Lots of trends begin in California – not only in culture, but also in public policy.
That’s why it’s wise for all Americans to be aware of an alarming new push from the California legislature.
Remember when California politicians tried to keep pastors from counseling about biblical sexuality? Well, the legislature is at it again, with a twist. Last year, the legislature tried to pass a bill that would have made it a consumer-fraud crime for nearly anyone to communicate in a way that 1) encouraged someone away from homosexuality or transgenderism, and 2) involved a financial transaction. A huge groundswell of opposition helped stop that bill.
But now the legislature is attempting to silence pastors again through a strongly worded resolution. The resolution (ACR 99) browbeats churches and religious leaders to get on board with the LGBTQ agenda.
Specifically, it badgers the Church to avoid efforts to influence a person’s sexual orientation, including their “sense of identity based on attractions, related behaviors and membership in a community.”
In doing that, the state is essentially telling the Church to avoid the Gospel of Jesus Christ. The Apostle Paul specifically described homosexuality and other sins as disqualifiers for inheriting the kingdom of heaven, but then immediately followed that with these hope-giving words: “And such were some of you. But you were washed, you were sanctified, you were justified in the name of the Lord Jesus Christ and by the Spirit of our God” (I Cor. 6:11).
Yes, this is just a resolution – a statement of the legislature with no force of law. But last year’s bill (authored by the same legislator) would have had the force of law, and it nearly passed. In pushing the resolution this year, the LGBT lobby may have paused its push for enforcement. But the language of this year’s resolution is even more pointed, making the long-term intent of the LGBT lobby very clear: Silence the Church on matters of sexuality.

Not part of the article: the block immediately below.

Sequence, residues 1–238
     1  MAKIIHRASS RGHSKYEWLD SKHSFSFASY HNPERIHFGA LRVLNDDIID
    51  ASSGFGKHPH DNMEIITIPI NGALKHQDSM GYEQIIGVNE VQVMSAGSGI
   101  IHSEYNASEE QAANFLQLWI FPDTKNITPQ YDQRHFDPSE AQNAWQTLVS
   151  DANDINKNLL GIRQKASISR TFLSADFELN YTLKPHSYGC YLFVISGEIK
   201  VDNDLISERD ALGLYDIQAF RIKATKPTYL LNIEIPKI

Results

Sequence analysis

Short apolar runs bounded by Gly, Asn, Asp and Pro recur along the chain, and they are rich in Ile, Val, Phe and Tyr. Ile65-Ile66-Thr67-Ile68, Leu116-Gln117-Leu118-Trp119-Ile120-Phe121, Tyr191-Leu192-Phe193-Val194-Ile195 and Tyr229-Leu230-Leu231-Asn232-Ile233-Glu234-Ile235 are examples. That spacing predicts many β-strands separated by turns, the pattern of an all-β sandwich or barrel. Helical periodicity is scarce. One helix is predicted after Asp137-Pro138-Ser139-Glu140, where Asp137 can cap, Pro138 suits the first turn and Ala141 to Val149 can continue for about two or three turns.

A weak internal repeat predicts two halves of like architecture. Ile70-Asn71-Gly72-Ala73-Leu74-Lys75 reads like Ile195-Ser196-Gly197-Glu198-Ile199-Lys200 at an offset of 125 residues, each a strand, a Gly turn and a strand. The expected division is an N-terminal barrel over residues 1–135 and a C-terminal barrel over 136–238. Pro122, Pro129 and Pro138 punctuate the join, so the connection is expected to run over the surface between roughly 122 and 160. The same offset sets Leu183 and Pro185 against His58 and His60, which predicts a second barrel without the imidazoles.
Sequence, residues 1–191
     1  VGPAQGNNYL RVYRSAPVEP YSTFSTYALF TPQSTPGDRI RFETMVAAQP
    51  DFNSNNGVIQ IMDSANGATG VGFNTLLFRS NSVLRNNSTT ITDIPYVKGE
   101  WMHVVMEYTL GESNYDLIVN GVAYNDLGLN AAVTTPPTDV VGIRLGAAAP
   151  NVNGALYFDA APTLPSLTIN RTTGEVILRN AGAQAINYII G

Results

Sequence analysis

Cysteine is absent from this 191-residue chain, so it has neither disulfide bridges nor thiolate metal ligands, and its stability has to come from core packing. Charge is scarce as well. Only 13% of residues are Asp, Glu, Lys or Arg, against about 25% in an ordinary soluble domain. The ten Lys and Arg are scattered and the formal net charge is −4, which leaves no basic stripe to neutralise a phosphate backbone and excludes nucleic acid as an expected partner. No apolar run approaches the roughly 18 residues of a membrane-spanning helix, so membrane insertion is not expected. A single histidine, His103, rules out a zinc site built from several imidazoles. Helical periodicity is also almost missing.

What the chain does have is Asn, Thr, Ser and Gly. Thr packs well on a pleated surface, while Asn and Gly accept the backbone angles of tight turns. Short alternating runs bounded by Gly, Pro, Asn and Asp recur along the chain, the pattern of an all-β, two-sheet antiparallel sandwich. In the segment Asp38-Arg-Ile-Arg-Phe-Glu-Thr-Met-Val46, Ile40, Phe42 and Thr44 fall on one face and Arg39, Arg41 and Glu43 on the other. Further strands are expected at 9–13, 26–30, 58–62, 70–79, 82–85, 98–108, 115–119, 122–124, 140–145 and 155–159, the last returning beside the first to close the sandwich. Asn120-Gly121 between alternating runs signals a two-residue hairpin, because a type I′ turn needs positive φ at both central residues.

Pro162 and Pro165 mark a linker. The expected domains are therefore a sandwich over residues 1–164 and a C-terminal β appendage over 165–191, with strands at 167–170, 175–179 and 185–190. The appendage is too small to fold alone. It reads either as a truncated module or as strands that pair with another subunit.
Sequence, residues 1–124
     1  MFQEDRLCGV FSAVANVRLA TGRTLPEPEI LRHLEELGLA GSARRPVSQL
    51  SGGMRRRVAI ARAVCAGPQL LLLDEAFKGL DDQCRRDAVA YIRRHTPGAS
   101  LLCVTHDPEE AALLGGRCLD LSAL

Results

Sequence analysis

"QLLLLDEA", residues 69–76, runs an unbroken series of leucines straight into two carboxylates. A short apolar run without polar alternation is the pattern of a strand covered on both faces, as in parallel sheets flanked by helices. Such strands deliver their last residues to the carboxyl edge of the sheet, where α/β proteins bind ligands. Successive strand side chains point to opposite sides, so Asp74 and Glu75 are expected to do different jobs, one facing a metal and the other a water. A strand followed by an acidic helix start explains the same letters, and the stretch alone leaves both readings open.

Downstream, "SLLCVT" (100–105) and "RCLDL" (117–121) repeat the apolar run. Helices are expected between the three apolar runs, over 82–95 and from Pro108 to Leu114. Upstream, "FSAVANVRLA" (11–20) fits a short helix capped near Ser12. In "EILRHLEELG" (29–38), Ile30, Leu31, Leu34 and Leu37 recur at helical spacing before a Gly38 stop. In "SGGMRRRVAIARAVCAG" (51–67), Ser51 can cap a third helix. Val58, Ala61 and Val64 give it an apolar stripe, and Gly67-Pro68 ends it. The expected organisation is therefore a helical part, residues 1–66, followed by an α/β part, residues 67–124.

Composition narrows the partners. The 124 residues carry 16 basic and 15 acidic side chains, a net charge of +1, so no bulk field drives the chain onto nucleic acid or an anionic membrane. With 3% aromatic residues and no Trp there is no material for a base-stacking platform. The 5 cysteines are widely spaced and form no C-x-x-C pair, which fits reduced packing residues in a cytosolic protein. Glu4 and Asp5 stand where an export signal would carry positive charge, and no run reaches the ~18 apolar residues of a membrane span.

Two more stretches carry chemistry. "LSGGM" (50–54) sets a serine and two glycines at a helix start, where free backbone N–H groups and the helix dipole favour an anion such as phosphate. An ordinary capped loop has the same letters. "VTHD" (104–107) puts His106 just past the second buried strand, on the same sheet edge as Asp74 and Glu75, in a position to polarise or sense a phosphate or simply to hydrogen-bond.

The resolution implies that the state knows best what pastors should be saying from the pulpit and in counseling sessions. It is a false compassion that the Church must resist.
This sort of resolution could set the stage for a law similar to the 2014 Houston subpoenas that required pastors to turn over sermons that mentioned the Houston sexual orientation and gender identity ordinance (SOGI). The mayor of Houston eventually backed down on her request, but the sentiment that drove it is alive and well.
In Canada, a pastor was actually arrested this month for preaching publicly against homosexuality – even though he repeatedly expressed Christ’s love for all. Is this where these sorts of bills are headed? Either agree with our definition of love or else?
If you live in California, please contact your legislators. There will be a hearing on this resolution today (Tuesday, June 18th), and your state senator and assembly member are likely to face votes on it soon. Let them know that the Bible should not be censored. Pastors should be able to speak freely about sin, the Gospel, and the power of Jesus in changing lives.
If you don’t live in California, be aware that this is where the LGBT movement is headed. The right to freely live out our beliefs is daily under attack. We need to be prepared.
As Peter said in Acts 4:20 after being rebuked by the Jewish leaders, “As for us, we cannot help speaking about what we have seen and heard.” The Christian message is that ALL have sinned and fall short of the glory of God, but that God in His grace and love has provided a path to salvation and redemption. This is the message of love and compassion that we bring to the world – not the message that the state of California wants us to preach.
Speaking in grace and truth,